STEVE INSKEEP, HOST:
Next, we report on 11 members of the Oath Keepers extremist group who are accused of attacking the Capitol. They are accused of seditious conspiracy, a criminal charge the government has rarely used. NPR justice correspondent Ryan Lucas has the law's history.
RYAN LUCAS, BYLINE: Even on its face, seditious conspiracy sounds bad. Federal code defines it as two or more people conspiring to overthrow or destroy the government of the United States by force or to prevent or delay the execution of any U.S. law.
JOSHUA BRAVER: Its origins lie in the Civil War as kind of a method to prosecute, basically, secessionists.
LUCAS: Joshua Braver is a law professor at the University of Wisconsin.
BRAVER: The idea of being branded a traitor to your country of committing sedition stands out. It sends a certain political message.
LUCAS: The Justice Department has only charged seditious conspiracy a half dozen times or so in the past 40 years and with a mixed record of success. The last time it brought such a case was in 2010 against members of the far-right Hutaree militia in Michigan. Prosecutors accused the Hutaree of plotting to kill police officers, then bomb the funerals in order to start a civil war. The defense said not so.
WILLIAM SWOR: They were in the woods. They were training. They had no plan.
LUCAS: William Swor was the attorney for the lead defendant in the case.
SWOR: The Hutaree neither had the means nor made any attempt to move against government.
LUCAS: And that ended up being a key point. The Hutaree never actually took action. It was nothing more, the defense said, than hot talk. Ultimately, the judge dismissed the case after finding that there was insufficient evidence of a conspiracy. Barbara McQuade was the U.S. attorney in Detroit at the time. She says the case failed for several reasons but not because of any problem with the law.
BARBARA MCQUADE: There's sort of a gut reaction that comes with a charge of seditious conspiracy that this is something more than just garden-variety type of a crime. This is an attack on our country.
LUCAS: She says that sort of gut reaction was missing in the Hutaree case.
MCQUADE: I think one of the reasons that people sometimes find that that element is lacking is just the utter disbelief that we have, that there can be people who want to overthrow our government or things that they could possibly be successful.
LUCAS: Technically, it's not a requirement that conspirators do anything illegal in furtherance of their plot, but concrete action can certainly help the government make its case. Take the 1981 prosecution against members of the Puerto Rican nationalist group known as the FALN.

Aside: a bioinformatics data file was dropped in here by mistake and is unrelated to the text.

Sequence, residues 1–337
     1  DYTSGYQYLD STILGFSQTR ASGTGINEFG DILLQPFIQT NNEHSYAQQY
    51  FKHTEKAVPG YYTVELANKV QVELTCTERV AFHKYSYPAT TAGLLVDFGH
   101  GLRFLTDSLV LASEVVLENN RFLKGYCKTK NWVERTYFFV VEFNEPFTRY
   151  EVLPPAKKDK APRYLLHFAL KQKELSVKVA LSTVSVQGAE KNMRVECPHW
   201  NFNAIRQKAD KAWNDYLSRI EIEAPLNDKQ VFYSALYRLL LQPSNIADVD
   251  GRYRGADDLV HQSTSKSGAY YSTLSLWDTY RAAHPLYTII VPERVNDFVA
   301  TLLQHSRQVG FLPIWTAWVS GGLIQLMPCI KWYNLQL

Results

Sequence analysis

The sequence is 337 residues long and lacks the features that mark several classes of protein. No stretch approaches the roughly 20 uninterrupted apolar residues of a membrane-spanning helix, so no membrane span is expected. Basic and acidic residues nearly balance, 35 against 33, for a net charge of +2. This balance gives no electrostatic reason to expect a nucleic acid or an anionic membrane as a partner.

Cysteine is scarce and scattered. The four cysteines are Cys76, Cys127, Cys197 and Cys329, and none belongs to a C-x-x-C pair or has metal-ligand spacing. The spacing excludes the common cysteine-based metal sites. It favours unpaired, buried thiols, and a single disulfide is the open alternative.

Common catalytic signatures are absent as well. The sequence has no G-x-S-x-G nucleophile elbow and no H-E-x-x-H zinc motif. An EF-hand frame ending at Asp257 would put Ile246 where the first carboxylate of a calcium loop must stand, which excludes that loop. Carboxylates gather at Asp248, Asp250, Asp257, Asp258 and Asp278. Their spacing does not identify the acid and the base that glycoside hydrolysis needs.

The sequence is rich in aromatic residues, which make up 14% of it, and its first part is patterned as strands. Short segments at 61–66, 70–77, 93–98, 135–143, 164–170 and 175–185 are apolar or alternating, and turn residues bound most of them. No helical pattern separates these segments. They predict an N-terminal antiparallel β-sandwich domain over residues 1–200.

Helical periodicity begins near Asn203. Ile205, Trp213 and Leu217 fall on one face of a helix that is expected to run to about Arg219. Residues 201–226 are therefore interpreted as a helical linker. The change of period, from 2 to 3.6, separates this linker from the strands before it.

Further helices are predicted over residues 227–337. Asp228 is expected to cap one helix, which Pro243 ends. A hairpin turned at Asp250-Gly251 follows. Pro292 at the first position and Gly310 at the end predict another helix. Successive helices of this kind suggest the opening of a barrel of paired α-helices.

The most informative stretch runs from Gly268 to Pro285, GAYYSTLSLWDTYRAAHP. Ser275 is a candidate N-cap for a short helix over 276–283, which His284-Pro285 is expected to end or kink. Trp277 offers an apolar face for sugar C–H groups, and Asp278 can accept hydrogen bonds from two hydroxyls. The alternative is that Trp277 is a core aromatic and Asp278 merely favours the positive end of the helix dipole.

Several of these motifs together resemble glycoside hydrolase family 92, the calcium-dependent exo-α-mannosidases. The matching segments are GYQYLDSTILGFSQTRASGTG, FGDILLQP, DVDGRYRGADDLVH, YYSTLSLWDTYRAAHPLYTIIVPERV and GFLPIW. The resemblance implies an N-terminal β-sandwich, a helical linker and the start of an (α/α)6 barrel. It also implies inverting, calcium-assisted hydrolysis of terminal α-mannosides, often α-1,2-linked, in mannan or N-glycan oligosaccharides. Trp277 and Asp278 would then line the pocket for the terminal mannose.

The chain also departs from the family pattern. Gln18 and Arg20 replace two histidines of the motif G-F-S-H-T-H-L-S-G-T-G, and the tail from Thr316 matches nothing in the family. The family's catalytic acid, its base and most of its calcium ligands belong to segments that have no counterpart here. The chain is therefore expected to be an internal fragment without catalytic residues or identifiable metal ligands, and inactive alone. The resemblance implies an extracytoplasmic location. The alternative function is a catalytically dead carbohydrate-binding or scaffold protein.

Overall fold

JEREMY MARGOLIS: They built and planted something like 128 or so bombs, killing a number of people, wounding scores of people, maiming many, including New York City police officers.
LUCAS: Jeremy Margolis was an assistant U.S. attorney at the time and one of the lead prosecutors at trial. The government's case was aided, he said, by the fact that the FALN released communiques claiming responsibility for the bombings and explaining why they had carried them out.
MARGOLIS: How often do you have somebody put a bomb in a New York restaurant, the Fruances Tavern, at lunchtime, killing four and wounding 56 and then planting a communique saying, free Puerto Rico - that's why we did this?
LUCAS: It was, he says, a textbook case of seditious conspiracy. And the government won the case. The defendants were found guilty and received lengthy prison sentences. As for the Capitol riot seditious conspiracy case, the Justice Department alleges that 11 members of the Oath Keepers spent months recruiting, training and conspiring to use force to prevent the transfer of presidential power to Joe Biden. Several of the defendants stormed the Capitol on January 6. Court papers say the group also had weapons stashed at a hotel in Virginia and a quick reaction force ready to ferry them into D.C. if things got messy downtown. McQuade, the former U.S. attorney in Detroit, says the evidence put forward in the indictment, including text messages the defendants allegedly sent each other planning their course of action, suggest a strong case for the government.
MCQUADE: It's very clear that the target is the United States government, that they were attempting to stop the transition of power. They say so themselves. And there they are right at the scene at the seat of government in the people's house.
LUCAS: Of course, it will be up to prosecutors to make the case in court and prove it beyond a reasonable doubt. For now, the defendants have pleaded not guilty and are fighting the charges. Ryan Lucas, NPR News, Washington.
NPR transcripts are created on a rush deadline by an NPR contractor. This text may not be in its final form and may be updated or revised in the future. Accuracy and availability may vary. The authoritative record of NPR’s programming is the audio record.